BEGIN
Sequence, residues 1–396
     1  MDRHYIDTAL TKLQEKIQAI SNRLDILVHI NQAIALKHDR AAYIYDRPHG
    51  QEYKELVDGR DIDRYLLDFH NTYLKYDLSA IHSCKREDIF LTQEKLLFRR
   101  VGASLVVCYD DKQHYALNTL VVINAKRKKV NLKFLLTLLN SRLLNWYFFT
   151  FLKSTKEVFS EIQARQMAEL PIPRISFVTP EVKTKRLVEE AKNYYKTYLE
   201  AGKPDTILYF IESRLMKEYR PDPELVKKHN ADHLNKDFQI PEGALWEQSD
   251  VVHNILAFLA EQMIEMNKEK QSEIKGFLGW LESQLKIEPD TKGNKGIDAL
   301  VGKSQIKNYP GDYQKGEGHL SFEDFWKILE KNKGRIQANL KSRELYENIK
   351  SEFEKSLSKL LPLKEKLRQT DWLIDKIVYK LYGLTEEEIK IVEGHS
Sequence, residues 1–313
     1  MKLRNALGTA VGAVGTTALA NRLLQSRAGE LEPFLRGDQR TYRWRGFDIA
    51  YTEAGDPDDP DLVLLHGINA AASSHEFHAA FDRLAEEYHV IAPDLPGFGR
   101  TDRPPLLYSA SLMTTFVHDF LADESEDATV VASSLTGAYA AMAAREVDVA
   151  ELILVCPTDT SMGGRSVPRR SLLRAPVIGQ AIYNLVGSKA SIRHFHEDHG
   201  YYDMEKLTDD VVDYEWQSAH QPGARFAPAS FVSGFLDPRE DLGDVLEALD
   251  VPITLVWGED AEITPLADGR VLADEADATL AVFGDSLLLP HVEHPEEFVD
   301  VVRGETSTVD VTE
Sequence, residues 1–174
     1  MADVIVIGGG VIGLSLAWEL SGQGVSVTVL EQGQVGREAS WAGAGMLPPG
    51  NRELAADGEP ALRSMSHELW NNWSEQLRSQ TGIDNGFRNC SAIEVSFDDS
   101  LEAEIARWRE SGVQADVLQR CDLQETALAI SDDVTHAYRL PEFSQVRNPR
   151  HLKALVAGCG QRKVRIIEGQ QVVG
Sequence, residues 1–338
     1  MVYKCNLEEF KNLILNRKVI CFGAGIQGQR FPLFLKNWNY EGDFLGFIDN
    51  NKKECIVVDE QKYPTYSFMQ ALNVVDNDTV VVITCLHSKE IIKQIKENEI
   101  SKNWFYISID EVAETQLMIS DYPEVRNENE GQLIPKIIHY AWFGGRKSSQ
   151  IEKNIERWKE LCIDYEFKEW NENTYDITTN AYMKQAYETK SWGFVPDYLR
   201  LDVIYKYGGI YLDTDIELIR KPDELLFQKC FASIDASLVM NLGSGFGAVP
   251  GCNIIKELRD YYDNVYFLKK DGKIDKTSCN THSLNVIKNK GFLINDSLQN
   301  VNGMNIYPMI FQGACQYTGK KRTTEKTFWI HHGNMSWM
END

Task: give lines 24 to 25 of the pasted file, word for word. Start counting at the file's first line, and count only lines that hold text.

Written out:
     1  MVYKCNLEEF KNLILNRKVI CFGAGIQGQR FPLFLKNWNY EGDFLGFIDN
    51  NKKECIVVDE QKYPTYSFMQ ALNVVDNDTV VVITCLHSKE IIKQIKENEI